Puck Stops Here (blog) calculates team Corsi numbers, and the results are interesting. Here's what he says; my thoughts follow the quote block:
Corsi Numbers are the difference between shots directed at the goal (shots on goal, missed shots and blocked shots) for and against when a player is on the ice in five on five situations. The benefit is that they encompass a lot more events than +/- does. However, whether or not it is a better or comparable series of events is somewhat of an open question.
I have calculated the Corsi Numbers for all 30 teams in the NHL. These can be compared to team +/- ratings.
St Louis Blues
It is clear that Corsi Numbers do increase the separation between teams. There is an over 1500 point spread between the highest Corsi (Detroit) and the lowest (Phoenix). With +/- this spread is slightly over 100 points. That aim of Corsi Numbers is clearly satisfied. However, it isn’t clear how similar what Corsi and +/- measure is. The order of teams in the two rankings is changed significantly. In general, good teams have top rankings and poorer teams have weaker rankings with both systems, but there are some rankings that seem a bit odd (or interesting). The Stanley Cup champion Pittsburgh Penguins were the 21st team in Corsi in the regular season. That is awfully low isn’t it? The +/- leading Boston Bruins fall to 13th in Corsi. The main difference here is that Corsi looks at shots and +/- at goals. Since Boston had the best goaltending in the league, there is a significant difference between the two. The worst Corsi ranking for a playoff team was Philadelphia who finished 24th. Does this show something was wrong with the Flyers or with Corsi rankings? The best ranking for a non-playoff team was Los Angeles, who finished 11th.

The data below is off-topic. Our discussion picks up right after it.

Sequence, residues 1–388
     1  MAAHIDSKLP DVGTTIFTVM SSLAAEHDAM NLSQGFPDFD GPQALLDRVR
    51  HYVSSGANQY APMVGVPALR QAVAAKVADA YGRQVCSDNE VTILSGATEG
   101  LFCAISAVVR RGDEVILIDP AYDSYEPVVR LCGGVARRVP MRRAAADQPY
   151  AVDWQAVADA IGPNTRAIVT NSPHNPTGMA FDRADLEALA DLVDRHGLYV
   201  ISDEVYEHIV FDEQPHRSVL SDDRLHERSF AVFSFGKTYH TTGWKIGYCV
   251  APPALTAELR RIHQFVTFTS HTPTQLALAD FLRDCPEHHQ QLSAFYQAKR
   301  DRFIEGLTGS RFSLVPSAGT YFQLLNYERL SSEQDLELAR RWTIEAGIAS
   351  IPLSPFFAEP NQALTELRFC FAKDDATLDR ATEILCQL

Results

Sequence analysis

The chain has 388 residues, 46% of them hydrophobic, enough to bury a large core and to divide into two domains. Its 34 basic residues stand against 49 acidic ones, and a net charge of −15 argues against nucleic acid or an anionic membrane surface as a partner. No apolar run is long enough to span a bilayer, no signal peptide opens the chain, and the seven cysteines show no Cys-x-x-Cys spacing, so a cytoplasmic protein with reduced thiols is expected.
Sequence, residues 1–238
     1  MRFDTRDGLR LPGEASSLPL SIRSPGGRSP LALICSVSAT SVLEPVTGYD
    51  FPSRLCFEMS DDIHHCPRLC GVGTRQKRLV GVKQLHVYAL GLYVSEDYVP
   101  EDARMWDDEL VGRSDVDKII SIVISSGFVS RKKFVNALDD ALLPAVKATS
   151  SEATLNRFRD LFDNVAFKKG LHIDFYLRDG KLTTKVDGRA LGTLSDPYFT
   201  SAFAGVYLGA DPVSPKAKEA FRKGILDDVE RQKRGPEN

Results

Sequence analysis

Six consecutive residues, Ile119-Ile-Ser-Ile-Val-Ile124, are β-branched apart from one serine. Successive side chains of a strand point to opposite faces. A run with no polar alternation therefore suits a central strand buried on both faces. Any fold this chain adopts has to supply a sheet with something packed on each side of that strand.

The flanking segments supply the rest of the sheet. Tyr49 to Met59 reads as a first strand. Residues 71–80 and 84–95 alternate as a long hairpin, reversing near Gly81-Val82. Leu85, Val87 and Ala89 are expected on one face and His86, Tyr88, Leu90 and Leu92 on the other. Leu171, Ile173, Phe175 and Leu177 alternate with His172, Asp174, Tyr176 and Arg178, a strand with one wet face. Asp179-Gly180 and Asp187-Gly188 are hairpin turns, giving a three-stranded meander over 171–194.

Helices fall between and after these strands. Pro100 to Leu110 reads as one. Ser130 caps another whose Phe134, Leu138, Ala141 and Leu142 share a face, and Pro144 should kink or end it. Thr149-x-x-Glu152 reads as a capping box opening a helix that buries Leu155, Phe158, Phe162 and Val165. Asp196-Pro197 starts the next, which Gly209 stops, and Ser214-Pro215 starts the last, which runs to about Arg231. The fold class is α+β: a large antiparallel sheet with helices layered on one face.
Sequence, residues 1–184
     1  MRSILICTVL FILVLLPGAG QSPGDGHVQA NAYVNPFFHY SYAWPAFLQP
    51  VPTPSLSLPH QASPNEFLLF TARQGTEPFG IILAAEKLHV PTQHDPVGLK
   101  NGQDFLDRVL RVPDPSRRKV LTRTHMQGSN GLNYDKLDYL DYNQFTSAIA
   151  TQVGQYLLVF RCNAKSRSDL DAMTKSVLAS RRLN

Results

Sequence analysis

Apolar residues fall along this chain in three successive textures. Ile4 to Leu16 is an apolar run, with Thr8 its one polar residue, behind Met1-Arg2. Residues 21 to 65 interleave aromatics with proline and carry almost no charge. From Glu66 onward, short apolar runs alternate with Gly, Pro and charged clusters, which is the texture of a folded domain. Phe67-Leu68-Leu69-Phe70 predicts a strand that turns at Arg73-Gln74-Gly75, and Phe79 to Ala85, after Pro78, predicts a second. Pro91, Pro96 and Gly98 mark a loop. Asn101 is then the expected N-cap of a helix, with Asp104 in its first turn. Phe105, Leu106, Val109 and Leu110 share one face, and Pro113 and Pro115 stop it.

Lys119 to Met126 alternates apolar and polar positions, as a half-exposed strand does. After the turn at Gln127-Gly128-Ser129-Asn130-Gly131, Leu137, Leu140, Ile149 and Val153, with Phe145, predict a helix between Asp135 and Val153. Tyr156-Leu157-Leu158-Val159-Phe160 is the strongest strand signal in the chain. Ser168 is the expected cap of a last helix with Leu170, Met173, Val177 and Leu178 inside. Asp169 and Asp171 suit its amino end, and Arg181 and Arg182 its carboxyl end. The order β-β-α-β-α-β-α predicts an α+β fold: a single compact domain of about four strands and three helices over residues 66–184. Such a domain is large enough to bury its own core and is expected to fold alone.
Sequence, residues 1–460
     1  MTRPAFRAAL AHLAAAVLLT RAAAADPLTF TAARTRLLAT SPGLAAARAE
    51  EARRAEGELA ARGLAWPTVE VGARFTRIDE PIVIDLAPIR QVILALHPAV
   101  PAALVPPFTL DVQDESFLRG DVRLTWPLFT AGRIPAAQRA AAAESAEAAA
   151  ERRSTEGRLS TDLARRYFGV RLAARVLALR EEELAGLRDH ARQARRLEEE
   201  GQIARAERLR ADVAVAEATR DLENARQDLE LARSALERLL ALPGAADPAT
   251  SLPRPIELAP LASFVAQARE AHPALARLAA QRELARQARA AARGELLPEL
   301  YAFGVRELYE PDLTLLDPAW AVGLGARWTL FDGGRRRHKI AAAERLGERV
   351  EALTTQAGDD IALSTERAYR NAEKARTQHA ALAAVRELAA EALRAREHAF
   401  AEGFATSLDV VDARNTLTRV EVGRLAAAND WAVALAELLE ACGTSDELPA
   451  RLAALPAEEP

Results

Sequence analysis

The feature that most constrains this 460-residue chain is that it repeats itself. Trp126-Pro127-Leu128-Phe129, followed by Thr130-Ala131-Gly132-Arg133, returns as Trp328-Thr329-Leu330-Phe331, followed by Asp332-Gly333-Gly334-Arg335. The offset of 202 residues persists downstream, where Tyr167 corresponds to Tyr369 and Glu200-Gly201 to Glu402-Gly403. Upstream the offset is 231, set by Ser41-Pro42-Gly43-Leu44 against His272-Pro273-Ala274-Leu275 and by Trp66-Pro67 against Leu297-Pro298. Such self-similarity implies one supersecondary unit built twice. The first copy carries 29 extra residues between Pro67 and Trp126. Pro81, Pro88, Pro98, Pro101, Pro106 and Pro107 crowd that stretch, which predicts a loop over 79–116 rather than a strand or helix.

Here's my interpretation. The reason the Pens have a relatively low Corsi number is that they have a lot of goal-scoring talent (which means they will bury a higher percentage of their chances) and they play a more wide-open style, which means the opponents will get lots of opportunities. The Pens don't need as many shots/missed shots/blocked shots to get goals, so their Corsi number drops.
Now, the Kings. Why is their Corsi so high? Well, it's been noted elsewhere that the Kings offensive problems may be due to an incredibly low shooting%. In other words, they don't bury their chances, but they do generate a lot of chances. This would increase their Corsi. Also, they had some goaltending problems early on. This would mean that more goals against are happening relative to the number of shots/missed shots/blocked shots. That would also raise the team Corsi. Add to that the fact that the Kings play a defensive system that allows few shots (the fewest in the league for most of the season), and it's easy to see why the Kings' Corsi was so high.
Why is this good news, and not just b***sh**? Because in one sense Corsi measures potential. It tells us that the Kings are doing two things right: limiting chances against and maintaining a high level of chances for. In order to translate high Corsi into high team +/-, the Kings need to address two things: finish (burying the chances they get, as opposed to needing to create more offense) and goaltending (stopping a higher percentage of shots that actually get through).
Since the Kings did a good job of addressing their goaltending in the second half of the season, and made moves to increase the likelihood of being able to finish chances in the offensive zone (by acquiring players who aren't "afraid of the blue paint" -- Williams and Smyth), these numbers are reason for some small amount of optimism.